Question: Let $X=\lbrace 1,2,3,4,5 \rbrace$ with topology $\lbrace \emptyset,X,\lbrace 1 \rbrace,\lbrace 3,4 \rbrace,\lbrace 1,3,4 \rbrace\rbrace,$ and let $Y=\lbrace A,B\rbrace$ with topology $\lbrace \emptyset,Y,\lbrace A\rbrace\rbrace.$ Find all continuous functions from $X\to Y$.

I know that given any open subset U in Y, f^{-1}(U) must be open in X. Now, how do I list and find these functions for the above spaces?


You need $f^{-1} V \in \tau_X$ for all $V \in \tau_Y$. The only member of $\tau_Y$ that is relevant is $\{A\}$. To be continuous, we must have $f^{-1}\{A\} \in \tau_X$. There are only $5$ possibilities, and $f$ must take the value $B$ on the complement.

The functions are straightforward to list. For example, if $f^{-1}\{A\} = \emptyset$, then $f(x) = B$ for all $x$. Another, if $f^{-1}\{A\} = \{1\}$, then $f(1) = A$ and $f(x) = B$ for all $x \neq 1$.

  • $\begingroup$ Is it possible that the function maps everything in X to {A}? $\endgroup$ – Julius Jackson Oct 25 '13 at 3:23
  • $\begingroup$ @JuliusJackson: Yes, if you set $f^{-1} \{A\} = X$, then $f(x) = A$ for all $x$. $\endgroup$ – copper.hat Oct 25 '13 at 3:25
  • $\begingroup$ How can I tell the total possibilities for the function f? $\endgroup$ – Julius Jackson Oct 25 '13 at 3:49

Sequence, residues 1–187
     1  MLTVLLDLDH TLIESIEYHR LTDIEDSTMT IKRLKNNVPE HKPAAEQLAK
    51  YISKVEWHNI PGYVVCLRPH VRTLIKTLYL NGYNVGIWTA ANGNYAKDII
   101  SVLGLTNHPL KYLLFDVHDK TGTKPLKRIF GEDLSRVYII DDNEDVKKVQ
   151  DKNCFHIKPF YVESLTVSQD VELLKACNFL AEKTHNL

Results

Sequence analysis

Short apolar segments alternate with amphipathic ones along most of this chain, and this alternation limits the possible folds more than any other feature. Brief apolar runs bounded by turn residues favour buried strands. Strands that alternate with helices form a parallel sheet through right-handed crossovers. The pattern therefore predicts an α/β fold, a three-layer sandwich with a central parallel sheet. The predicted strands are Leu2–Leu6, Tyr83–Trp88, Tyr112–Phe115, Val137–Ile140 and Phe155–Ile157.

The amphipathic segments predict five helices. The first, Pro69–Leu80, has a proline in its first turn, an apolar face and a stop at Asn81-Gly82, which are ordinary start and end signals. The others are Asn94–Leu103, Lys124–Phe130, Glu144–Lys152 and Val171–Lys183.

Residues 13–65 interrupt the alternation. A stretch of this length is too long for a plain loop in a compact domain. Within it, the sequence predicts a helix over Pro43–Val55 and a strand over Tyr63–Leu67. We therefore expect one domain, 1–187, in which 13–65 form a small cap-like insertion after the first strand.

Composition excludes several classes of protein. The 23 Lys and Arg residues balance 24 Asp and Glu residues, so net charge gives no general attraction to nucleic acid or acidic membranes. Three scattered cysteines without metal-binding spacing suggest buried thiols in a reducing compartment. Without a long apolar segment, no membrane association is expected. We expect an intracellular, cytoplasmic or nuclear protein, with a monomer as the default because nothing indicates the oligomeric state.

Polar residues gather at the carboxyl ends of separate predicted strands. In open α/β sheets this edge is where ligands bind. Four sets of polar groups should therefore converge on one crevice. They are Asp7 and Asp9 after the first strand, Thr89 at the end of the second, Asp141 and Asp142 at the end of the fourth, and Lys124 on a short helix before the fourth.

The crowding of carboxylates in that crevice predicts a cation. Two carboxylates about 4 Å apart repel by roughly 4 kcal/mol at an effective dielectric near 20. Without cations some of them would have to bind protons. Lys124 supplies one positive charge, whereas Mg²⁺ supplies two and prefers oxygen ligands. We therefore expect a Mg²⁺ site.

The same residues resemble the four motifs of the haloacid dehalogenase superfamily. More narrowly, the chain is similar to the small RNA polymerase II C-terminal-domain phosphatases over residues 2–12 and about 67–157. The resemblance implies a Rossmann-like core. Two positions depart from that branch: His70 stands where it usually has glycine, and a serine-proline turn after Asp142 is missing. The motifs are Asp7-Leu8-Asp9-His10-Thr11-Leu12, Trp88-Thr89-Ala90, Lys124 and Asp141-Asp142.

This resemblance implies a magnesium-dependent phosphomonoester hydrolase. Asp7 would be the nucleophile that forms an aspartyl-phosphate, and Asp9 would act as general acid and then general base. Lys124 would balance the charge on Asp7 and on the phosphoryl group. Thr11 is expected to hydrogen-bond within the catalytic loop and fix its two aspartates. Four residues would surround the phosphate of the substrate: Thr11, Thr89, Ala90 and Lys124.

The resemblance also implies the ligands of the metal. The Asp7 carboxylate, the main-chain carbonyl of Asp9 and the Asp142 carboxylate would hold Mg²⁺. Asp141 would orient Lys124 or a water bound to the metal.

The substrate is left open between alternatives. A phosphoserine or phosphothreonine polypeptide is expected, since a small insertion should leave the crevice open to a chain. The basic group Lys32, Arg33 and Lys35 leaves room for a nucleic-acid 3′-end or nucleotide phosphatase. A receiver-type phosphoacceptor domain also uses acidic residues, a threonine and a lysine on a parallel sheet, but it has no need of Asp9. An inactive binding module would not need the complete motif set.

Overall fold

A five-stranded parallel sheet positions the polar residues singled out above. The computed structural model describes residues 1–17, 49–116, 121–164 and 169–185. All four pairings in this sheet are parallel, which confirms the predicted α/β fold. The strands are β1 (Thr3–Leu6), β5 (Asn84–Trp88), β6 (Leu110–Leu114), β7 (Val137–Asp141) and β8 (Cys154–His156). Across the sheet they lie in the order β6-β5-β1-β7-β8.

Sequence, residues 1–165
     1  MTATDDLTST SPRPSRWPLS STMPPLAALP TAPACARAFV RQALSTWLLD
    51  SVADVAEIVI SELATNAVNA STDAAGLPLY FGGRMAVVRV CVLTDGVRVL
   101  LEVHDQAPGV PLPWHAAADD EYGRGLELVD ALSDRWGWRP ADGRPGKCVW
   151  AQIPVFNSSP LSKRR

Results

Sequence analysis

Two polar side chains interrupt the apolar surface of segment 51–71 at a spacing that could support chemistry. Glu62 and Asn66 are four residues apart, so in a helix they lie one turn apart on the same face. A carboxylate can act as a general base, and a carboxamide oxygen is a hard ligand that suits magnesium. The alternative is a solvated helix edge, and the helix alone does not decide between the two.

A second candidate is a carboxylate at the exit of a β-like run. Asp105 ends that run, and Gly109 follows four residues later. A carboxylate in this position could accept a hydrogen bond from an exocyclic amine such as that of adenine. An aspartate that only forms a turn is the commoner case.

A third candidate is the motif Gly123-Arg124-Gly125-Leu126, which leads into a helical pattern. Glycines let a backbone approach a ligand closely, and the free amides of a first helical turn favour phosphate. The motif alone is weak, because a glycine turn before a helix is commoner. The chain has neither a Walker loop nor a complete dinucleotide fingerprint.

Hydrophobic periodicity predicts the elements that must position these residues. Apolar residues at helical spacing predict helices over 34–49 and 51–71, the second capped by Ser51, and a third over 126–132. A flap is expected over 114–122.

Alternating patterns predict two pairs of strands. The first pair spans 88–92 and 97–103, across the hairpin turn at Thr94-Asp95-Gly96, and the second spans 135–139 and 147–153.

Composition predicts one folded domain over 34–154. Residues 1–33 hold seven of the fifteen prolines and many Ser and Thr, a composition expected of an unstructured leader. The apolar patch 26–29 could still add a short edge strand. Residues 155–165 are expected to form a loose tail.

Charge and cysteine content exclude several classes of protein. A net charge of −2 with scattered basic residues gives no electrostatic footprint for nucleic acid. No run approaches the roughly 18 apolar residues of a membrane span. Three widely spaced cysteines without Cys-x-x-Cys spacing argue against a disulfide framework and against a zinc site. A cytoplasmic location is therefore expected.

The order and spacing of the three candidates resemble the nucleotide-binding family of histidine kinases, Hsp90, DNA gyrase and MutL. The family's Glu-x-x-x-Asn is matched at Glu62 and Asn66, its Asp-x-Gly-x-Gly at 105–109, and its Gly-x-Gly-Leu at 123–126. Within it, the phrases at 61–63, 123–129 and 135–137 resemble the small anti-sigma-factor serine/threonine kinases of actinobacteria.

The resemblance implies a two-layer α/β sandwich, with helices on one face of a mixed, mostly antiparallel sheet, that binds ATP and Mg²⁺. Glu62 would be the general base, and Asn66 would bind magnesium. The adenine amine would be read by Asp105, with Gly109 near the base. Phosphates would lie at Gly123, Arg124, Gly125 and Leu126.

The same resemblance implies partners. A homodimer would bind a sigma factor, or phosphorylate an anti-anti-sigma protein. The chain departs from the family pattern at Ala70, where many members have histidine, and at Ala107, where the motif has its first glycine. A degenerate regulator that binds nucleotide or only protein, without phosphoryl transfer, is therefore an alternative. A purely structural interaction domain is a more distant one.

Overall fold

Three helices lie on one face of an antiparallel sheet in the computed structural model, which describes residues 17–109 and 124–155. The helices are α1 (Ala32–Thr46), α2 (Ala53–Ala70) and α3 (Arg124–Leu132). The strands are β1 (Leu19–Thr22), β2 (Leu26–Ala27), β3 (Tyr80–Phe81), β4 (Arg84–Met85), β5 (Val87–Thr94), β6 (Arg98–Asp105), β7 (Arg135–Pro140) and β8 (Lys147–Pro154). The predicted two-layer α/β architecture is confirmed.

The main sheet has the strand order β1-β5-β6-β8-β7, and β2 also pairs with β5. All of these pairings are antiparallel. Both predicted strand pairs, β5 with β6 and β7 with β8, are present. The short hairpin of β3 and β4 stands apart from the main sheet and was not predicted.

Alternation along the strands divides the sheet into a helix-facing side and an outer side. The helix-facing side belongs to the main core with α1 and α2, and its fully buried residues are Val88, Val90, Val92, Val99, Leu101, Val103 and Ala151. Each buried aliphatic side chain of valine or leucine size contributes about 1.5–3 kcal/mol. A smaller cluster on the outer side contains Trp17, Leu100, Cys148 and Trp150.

• $\begingroup$ To be continuous, you must have $f^{-1}V$ be open for all open $V$. Since there are only 3 possibilities for $V$ it is easy to check. $f^{-1} \emptyset$ is always $\emptyset$, so there is nothing you can do about that and $f^{-1} Y $ is always $Y$, so the only open set that really matters is $\{A\}$. Then $f^{-1} \{A\}$ must be one of the 5 sets in the $X$ topology, and once you select one of the 5, you have completely defined $f$ (since the only other value it can take is $B$). Hence there are exactly five continuous functions. $\endgroup$ – copper.hat Oct 25 '13 at 4:49

Your Answer

By clicking “Post Your Answer”, you agree to our terms of service, privacy policy and cookie policy

Not the answer you're looking for? Browse other questions tagged or ask your own question.